Wow, this is so true and something I had never even thought was having a big impact on my life! From now on, I’ll try to look at the clock less. Can I also share with you an amazing course that got my life back on track. I’d been lacking in confidence and dealing with negativity around areas of my life, but the strategies that Sarah Merron of Fire Dragon Coaching teaches really helped me focus on getting the best out of myself and others around me. She runs courses in Cairo and the Maldives, so it’s a fantastic way to see the world at the same time. Here’s the link if you should ever head that way, I found it had a very powerful effect on my life: http://www.nlp.firedragoncoaching.com/destination-egypt.html

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Stephen Mills September 18, 2010 at 7:22 am

Hello Donna, thanks for sharing your experience.

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Jonathan Browne September 14, 2010 at 4:45 pm

Fantastic. I’ve never really been much of a slave to time. My sleeping schedule is whenever I feel like it, I work on projects however I see fit etc.

Sometime’s its good to pay attention to time though.

Punctuality is important.

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Stephen Mills September 18, 2010 at 7:17 am

Hi Jonathan, yes punctuality can be important. You don’t want to inconvenience others, but you can still be free from the clock most of the time as you say. Thanks for commenting.

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Karen September 16, 2010 at 12:24 am

This is very interesting. I have been retired for the last two years. I thought that not looking at the clock would be nice but, it is not. I like having to be someplace and I like having to be there at the right time. Life is funny, you think that you want something and when you get it, you do not want it.

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Stephen Mills September 18, 2010 at 7:10 am

Hello Karen, there is no one thing that works for everyone. I know I value freedom and being a slave to a clock is not my thing. Thanks for sharing your experience.

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Patty September 17, 2010 at 12:30 am

I like the way you write and the way you think. It has been a very long time since I thought about being a kid. The clock has been running my life for quite some time now. I am going to start taking control of my own life by doing a little more of what I want to do.

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Stephen Mills September 18, 2010 at 7:12 am

Hello Patty and thank you very much for those kind words. We can’t exactly go back to being a kid, but we surely can recapture some of the freedom and joy of those days before they were socialized out of us. Thanks for stopping by.

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farouk September 18, 2010 at 2:33 am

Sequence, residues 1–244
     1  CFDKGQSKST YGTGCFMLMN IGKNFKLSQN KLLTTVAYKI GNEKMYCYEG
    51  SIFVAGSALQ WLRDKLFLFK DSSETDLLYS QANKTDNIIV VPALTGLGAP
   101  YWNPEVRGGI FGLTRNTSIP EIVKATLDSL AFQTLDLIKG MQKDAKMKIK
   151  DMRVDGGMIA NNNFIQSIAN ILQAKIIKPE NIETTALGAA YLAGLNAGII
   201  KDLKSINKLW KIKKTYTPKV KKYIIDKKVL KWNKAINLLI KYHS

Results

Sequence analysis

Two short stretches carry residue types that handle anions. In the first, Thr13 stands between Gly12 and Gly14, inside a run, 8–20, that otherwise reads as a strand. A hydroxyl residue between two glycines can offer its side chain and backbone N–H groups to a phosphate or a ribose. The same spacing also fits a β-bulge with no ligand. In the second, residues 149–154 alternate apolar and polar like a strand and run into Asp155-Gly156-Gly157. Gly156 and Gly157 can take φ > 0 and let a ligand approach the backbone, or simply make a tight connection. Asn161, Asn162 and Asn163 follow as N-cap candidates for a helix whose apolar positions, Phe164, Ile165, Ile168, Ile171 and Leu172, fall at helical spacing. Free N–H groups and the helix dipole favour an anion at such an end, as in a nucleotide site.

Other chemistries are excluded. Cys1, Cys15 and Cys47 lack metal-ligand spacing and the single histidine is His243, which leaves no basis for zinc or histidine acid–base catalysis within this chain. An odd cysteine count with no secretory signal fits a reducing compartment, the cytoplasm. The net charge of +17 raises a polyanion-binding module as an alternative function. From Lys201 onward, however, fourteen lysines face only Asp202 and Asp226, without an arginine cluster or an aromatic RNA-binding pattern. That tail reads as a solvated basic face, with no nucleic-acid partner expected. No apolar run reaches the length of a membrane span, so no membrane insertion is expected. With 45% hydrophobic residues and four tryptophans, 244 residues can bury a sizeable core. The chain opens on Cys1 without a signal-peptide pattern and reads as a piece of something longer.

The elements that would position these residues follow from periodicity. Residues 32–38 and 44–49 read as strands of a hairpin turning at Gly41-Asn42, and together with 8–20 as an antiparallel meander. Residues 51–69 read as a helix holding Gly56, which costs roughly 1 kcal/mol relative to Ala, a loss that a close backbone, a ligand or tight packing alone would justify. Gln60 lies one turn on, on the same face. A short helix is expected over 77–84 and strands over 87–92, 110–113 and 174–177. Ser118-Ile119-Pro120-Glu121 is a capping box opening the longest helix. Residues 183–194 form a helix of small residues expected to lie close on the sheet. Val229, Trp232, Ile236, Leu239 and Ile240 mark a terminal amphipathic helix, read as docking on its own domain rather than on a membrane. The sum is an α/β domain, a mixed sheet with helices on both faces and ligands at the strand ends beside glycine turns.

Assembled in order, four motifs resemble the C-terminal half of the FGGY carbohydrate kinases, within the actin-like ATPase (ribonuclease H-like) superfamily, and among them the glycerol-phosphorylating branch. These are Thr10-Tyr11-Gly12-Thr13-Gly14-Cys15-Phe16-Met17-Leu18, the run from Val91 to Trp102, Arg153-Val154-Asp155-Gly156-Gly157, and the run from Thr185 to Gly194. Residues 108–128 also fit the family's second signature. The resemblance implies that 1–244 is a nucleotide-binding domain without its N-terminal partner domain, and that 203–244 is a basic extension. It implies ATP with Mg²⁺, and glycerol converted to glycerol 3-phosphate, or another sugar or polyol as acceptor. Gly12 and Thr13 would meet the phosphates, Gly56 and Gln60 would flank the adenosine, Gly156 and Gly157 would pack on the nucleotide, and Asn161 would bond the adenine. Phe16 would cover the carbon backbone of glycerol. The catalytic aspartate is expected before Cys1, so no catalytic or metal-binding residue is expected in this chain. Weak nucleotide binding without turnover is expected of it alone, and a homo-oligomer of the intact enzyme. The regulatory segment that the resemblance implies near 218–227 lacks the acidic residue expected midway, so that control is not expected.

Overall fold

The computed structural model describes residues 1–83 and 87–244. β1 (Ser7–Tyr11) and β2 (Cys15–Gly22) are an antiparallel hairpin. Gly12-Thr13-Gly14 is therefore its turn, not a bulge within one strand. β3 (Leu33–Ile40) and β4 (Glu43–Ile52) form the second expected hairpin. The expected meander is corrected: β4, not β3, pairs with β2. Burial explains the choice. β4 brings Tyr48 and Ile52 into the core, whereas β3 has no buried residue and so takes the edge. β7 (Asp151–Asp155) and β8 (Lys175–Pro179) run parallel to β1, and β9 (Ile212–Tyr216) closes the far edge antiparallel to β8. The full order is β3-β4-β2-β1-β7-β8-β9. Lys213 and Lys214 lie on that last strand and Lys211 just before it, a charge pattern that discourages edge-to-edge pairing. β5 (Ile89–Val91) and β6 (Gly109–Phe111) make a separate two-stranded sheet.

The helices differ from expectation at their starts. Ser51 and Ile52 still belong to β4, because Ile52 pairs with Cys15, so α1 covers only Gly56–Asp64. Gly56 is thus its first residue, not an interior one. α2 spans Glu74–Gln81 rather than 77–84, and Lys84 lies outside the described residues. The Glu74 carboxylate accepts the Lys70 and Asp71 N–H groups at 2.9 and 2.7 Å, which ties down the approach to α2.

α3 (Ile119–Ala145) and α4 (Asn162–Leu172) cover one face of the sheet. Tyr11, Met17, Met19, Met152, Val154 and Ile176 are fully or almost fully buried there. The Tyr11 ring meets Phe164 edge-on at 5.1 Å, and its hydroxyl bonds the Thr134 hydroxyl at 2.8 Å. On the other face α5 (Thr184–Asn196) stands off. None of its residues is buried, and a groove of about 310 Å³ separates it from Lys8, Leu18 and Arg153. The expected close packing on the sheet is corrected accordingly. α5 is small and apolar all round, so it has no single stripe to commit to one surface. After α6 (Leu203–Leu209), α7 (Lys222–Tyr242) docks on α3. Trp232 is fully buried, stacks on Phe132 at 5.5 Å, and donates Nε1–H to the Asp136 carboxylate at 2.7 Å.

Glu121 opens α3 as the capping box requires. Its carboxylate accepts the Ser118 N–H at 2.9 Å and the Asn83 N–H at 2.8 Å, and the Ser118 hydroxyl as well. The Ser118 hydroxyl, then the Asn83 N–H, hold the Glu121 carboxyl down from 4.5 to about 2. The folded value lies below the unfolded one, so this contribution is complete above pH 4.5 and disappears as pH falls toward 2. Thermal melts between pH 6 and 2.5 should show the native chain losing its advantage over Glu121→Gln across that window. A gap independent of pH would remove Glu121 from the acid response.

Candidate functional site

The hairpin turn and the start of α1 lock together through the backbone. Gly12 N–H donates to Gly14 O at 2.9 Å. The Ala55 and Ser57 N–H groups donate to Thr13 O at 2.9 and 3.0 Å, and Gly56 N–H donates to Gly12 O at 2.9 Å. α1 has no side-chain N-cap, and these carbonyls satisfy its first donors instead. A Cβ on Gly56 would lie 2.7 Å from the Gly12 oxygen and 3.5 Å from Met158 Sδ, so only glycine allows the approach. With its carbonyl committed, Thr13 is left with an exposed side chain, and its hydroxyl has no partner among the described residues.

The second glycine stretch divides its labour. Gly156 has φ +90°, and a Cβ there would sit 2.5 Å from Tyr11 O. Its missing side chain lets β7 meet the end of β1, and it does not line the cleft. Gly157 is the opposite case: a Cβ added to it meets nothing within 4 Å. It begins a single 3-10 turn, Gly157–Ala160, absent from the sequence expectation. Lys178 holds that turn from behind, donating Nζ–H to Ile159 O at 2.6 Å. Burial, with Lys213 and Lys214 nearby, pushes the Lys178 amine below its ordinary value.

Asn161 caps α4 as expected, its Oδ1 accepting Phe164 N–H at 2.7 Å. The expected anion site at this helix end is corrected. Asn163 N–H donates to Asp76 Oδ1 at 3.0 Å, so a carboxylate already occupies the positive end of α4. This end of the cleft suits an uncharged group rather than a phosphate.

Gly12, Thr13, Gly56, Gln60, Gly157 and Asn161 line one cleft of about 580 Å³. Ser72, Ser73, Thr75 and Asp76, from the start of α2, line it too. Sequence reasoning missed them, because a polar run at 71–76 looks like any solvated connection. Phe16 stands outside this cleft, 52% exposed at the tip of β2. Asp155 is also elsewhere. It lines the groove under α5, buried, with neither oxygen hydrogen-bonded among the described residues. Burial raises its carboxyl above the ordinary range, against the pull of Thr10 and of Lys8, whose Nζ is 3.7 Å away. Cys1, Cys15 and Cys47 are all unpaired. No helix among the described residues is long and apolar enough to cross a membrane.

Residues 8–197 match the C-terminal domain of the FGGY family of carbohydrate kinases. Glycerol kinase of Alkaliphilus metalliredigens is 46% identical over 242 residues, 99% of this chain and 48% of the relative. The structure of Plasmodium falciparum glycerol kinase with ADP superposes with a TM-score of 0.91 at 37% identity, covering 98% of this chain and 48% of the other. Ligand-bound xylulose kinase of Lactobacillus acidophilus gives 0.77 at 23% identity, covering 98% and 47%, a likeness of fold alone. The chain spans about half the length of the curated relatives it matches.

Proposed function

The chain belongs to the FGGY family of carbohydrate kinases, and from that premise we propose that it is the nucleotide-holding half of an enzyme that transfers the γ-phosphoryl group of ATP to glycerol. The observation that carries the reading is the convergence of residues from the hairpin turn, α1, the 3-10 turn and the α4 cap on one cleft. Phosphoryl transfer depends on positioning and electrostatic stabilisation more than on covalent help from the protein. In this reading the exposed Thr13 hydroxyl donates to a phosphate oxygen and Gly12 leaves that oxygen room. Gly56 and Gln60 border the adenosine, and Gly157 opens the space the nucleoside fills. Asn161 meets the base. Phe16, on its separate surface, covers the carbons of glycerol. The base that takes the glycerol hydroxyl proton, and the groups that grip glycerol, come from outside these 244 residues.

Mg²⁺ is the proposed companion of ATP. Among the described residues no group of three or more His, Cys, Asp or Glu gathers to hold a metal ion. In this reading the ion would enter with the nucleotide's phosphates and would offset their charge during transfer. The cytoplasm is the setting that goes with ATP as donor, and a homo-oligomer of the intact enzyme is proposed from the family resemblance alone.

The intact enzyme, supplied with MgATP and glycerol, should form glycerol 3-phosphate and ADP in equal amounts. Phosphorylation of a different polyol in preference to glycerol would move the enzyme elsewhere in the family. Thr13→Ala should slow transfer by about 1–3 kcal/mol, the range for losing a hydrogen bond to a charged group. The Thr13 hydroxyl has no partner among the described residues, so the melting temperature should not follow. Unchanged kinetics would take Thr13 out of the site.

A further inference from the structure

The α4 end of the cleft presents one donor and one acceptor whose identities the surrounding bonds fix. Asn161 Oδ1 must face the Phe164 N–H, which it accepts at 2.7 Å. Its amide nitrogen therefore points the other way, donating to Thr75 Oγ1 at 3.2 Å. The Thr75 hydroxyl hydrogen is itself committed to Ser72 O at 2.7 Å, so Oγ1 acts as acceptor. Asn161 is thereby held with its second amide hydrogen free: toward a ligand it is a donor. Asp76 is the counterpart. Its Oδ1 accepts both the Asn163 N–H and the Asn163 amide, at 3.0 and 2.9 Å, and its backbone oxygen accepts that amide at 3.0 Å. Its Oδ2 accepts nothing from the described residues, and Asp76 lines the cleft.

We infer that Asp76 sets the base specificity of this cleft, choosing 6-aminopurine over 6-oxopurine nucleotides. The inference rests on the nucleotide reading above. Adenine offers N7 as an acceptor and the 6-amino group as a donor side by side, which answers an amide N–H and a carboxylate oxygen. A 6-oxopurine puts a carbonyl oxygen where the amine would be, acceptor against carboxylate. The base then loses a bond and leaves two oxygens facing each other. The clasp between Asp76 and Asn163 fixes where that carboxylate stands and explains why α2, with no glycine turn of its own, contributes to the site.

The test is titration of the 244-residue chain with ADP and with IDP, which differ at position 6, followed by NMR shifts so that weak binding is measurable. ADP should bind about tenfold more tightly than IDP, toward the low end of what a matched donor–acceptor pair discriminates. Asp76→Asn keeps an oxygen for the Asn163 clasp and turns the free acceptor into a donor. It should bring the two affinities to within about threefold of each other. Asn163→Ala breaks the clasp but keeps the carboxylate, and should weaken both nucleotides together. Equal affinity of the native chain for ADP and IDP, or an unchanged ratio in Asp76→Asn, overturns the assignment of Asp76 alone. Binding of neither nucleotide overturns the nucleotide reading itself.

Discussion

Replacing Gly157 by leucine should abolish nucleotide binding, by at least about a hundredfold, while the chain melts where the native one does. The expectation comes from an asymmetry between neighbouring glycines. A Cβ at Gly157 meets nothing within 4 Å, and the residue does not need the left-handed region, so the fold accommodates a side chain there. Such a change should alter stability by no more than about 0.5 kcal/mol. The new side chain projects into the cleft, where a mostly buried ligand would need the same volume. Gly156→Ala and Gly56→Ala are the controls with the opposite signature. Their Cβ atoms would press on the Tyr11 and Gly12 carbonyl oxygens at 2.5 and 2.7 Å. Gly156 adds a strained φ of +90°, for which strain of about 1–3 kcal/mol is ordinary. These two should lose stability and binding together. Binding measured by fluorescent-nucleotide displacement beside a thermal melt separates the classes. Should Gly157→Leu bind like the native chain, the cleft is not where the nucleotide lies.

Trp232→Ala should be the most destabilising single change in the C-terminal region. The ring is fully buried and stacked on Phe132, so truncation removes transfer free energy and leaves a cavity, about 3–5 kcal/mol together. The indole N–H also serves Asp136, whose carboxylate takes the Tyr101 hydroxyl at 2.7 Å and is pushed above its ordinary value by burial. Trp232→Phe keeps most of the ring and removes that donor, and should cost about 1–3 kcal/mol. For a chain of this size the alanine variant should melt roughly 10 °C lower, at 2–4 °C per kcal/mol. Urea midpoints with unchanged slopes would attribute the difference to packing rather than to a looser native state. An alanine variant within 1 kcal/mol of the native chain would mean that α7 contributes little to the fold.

sounds good, i am always obsessed with time

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Stephen Mills September 18, 2010 at 7:14 am

Hi Farouk, try a little timeless freedom. You might find you like it!

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Vic October 27, 2010 at 1:49 pm

Hi Stephen,
I’ve been living with a world almost out of the clock. I am a freelancer and I enjoy a job not bound by space and time. We can really work without the clock if we choose to work for our passion. I think it is more productive than being trapped with your boss whom you only serve for salary. But of course I still use a clock to monitor my regular fitness activities.
Vic´s last blog post ..101 Self Improvement Tips to Optimize Your Life

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Stephen Mills October 28, 2010 at 9:16 pm

Hello Vic, that is wonderful. I also use clocks, but I try to use them for their benefit and not become a slave to the ticking task master. Same thing for other modern technology.

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Jonathan December 16, 2010 at 3:58 pm

Hello,
After reading your post and all the wonderful comments people have left I’ve come to the conclusion that I’m on the right track for me. A while back I was at work and just above the window looking out into the store is a little 10″ round black and white clock. I couldn’t look out the window without looking at that awlful clock. So in the heat of the moment one night I taped a piece of cardboard over it. I could look out the window and not know what the time was. I looked at that clock every 5-10 minutes I kid you not. As soon as I covered the clock this overwhelming joy and huge smile came over me. It literally gave me the chills. I couldn’t believe it, that by doing something so simple as covering that damn clock made me feel like a boy with a puppy. Since then learning about time and reading other peoples strories has became a hobby of mine. I’m 19, in college and working, so I still use the clock for those activities, but besides that I’m clock free.